Prime Minister Narendra Modi’s government plans to employ women across villages to test water quality to combat rising challenges, amid scarcity of the resource across India.
Women in villages across 256 water-scarce districts will receive training to ensure clean water supplies, Smriti Irani, the federal minister for women & child development, said in Mumbai Tuesday. The program will be expanded to cover all of India’s 750,000 villages, Irani said.
Inadequate water supply, sanitation and hygiene cost India around 0.8 per cent of its gross domestic product, according to the World Bank. The efforts to train women are part of the government’s conservation plans at a time when water availability per person is expected to drop to 1,341 cubic meters by 2020 and about 70 per cent surface water is unfit for consumption.
Irani, who spoke at the Bloomberg Equality Summit, said the government treated women as equal partners in administration and wanted to ensure better pay and access to credit for women entrepreneurs. The federal government is trying to do more to ensure pay parity for Indian women, especially in the organized sector, she said.
“This is an issue that we are struggling with, an issue that we are hoping top provide solutions for a number of years,” Irani told an audience representing local and foreign companies and banks.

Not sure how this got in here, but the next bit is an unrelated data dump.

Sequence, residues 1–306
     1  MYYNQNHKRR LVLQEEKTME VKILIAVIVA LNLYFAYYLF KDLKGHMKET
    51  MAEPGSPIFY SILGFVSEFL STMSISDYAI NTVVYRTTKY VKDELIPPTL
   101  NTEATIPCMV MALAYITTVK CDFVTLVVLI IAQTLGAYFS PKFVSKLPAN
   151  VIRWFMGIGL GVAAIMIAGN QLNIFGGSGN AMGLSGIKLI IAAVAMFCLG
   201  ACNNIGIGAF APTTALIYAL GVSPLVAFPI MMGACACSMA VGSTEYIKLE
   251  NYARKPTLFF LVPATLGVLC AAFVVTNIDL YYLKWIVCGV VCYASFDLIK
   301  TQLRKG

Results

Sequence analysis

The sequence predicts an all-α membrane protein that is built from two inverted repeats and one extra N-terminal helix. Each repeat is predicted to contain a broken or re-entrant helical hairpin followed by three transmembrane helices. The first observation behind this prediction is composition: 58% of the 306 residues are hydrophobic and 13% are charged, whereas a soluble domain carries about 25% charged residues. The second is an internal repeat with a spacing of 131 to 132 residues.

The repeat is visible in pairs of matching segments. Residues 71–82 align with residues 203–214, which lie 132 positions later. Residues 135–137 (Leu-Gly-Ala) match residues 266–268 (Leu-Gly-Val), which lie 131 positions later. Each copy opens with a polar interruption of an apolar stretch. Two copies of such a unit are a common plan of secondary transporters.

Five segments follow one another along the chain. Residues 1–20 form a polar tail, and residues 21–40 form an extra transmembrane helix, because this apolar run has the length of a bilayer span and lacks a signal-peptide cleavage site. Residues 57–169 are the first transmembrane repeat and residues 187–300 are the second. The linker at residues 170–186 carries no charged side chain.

The minister defended India’s efforts to ensure women’s safety. Unsafe commutes and lack of implementation of laws that protect female workers have contributed to about 20 million women -- the size of the combined populations of New York, London and Paris -- vanishing from India’s workforce since 2004, the World Bank estimates.
“I think to say that women’s safety issues, children’s safety issues are a challenge only in a particular subcontinent, a particular country would be doing great injustice to the data that is available that every country has its own challenges with regards to safety and security of its citizens,” Irani said.
She said while the Indian Parliament continues to make laws for women, it is up to the society to ensure those laws are followed.
“It is the responsibility of those who are in the social segment -- be it companies, non-profits or public at large -- who need to recognize the law,” Irani said. “And they need to recognize that it is the woman’s right to bear the fruits of that progressive law, not a woman’s compulsion to stand at the end of the line waiting for the rainbow to hit her.”